I just got in a LiPo charger (ptr-10401) and I want to use it to (yes I know slowly) charge a 24.8 Whr Lithium Polymer battery.

My question is pretty simple. Does this device contain the required logic to safely charge this battery? Meaning, if I were to plug it in and leave it would it be safe (I am not going to do this)

I was looking for laymen documentation or a tutorial but the only thing I could find was the VERY detailed documentation for the LiPo charger.

It's still to far beyond me (but I am trying, I just got Circuit Analysis for dummies)

Below are the parts and the links

I haven't hooked anything up. I want to make 100% sure this is a safe method for charging before I do this.


enter image description here


enter image description here

  • \$\begingroup\$ That is a 24.8Whr battery. Quite a different beast from a 24kWhr battery! Please fix your title. \$\endgroup\$ – Bobbi Bennett Aug 31 '13 at 22:05
  • \$\begingroup\$ @BobbiBennett Oh sorry I thought it was 24,800 Wat Hours so I put 24k for thousand. I will fix \$\endgroup\$ – Anthony Russell Aug 31 '13 at 22:49

Having used the Sparkfun battery charger you listed (and in general designing with the Microchip MCP73831 battery charger), I have found that while it is supposed to be be safe, the Sparkfun device will get alarmingly hot when charging a large, almost empty battery from 5V USB power. I suspect this is simply due to the linear nature of the battery charger and the small un-heatsinked package., but I would be a bit weary of leaving it plugged in unattended because of this.

  • \$\begingroup\$ would you suggest dialing down the voltage from the 5V with some resistors before feeding it into the charging unit? \$\endgroup\$ – Anthony Russell Aug 31 '13 at 23:05
  • \$\begingroup\$ also, given what we know about how resistance works wouldn't you say that the device getting hot is a natural bi-product of it working and controlling the flow of voltage? (not playing devils advocate or trying to snark you I am actually asking because I know nothing about this stuff) \$\endgroup\$ – Anthony Russell Aug 31 '13 at 23:07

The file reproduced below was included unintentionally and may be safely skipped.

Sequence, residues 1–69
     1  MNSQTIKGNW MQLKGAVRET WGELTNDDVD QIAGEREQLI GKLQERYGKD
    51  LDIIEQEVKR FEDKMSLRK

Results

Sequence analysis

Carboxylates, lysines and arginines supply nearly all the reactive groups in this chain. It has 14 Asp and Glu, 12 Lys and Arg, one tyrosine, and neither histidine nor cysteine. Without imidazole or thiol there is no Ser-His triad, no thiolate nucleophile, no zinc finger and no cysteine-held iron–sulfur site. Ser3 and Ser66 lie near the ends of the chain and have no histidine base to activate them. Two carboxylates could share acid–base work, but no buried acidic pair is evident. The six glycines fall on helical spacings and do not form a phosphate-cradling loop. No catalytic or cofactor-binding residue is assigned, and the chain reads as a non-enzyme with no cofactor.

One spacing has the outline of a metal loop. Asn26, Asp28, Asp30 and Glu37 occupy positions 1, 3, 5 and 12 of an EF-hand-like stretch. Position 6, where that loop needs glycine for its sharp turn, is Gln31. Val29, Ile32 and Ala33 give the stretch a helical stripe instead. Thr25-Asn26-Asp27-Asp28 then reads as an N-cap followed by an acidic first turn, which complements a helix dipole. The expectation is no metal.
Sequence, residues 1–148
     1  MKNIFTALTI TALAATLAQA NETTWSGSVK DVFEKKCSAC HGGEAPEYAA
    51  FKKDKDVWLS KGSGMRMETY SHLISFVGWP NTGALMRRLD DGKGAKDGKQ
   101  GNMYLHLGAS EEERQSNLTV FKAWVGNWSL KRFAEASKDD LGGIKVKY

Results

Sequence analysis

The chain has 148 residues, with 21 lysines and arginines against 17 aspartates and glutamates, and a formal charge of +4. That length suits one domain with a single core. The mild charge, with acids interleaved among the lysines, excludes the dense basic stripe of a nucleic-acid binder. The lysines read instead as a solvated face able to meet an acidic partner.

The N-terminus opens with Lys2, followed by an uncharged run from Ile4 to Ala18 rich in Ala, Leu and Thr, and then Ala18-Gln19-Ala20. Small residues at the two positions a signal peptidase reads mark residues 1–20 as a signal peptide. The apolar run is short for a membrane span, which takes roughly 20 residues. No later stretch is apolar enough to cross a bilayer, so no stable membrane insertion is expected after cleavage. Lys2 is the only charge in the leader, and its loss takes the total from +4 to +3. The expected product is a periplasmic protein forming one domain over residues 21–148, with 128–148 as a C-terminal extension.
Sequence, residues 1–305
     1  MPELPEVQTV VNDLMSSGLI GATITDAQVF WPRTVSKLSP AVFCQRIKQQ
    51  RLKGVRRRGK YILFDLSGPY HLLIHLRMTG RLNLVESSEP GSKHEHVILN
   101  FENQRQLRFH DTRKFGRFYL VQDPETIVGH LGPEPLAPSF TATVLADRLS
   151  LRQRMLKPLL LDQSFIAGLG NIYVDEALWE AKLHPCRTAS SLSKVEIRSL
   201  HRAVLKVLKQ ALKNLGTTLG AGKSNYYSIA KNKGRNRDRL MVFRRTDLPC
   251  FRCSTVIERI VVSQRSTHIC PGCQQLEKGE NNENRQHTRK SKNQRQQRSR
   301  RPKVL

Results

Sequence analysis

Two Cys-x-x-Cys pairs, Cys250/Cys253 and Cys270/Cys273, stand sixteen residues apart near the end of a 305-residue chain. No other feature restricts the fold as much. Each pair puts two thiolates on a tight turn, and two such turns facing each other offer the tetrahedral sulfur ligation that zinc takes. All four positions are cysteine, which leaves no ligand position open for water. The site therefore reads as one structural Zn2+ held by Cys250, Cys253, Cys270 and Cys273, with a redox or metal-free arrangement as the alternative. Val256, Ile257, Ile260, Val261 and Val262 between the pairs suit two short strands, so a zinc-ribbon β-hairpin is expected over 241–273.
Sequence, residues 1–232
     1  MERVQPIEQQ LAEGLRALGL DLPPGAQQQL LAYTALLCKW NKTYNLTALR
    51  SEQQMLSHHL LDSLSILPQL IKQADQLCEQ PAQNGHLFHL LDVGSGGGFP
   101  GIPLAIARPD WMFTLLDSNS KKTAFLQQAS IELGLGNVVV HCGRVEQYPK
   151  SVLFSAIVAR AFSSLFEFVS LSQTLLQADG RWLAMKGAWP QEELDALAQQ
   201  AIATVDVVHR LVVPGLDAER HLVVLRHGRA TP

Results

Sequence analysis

• \$\begingroup\$ In theory the device has an internal thermal shutdown (which is supposed to kick in at 150C) and programmable charge current. The way it is used in the Sparkfun charger, Rprog = 2K, so the charger current seems to be at the maximum specified limit of 500mA. It is probably fine, but for a large battery, you can change Rprog to something bigger to limit the current (Ireg = 1000V/Rprog) \$\endgroup\$ – Zuofu Aug 31 '13 at 23:12
  • \$\begingroup\$ Do you know if there is a suggested operating time frame? \$\endgroup\$ – Anthony Russell Aug 31 '13 at 23:12
  • 1
    \$\begingroup\$ That seems about normal, if the initial cell voltage is low, it will just be current limited. Once it goes into constant-voltage mode, it will slow way down. \$\endgroup\$ – Zuofu Sep 1 '13 at 0:12

LiPo chargers have 3 stages and is completely safe on bigger batteries of same cell voltage.

The CC stage is 1st will limit current and just be a much longer duration. Safe.

The CV stage is 2nd and stay there until current drops below expected leakage thresholds. Safe.

Shutdown or charge-completed is the 3rd stage. Safe.

CC means constant current and some fast chargers will be designed for say C/10 or C/20 meaning Ah capacity /10 or /20, for example. There is no universal current value for all LiPo batteries.

Just be sure the cell string voltage is the same before stage 2.

  • \$\begingroup\$ So what you mean is get out my multimeter after stage 1 and make sure that the reading is equivalant to the labeled voltage of 3.75? \$\endgroup\$ – Anthony Russell Aug 31 '13 at 22:51

Your Answer

By clicking “Post Your Answer”, you agree to our terms of service, privacy policy and cookie policy

Not the answer you're looking for? Browse other questions tagged or ask your own question.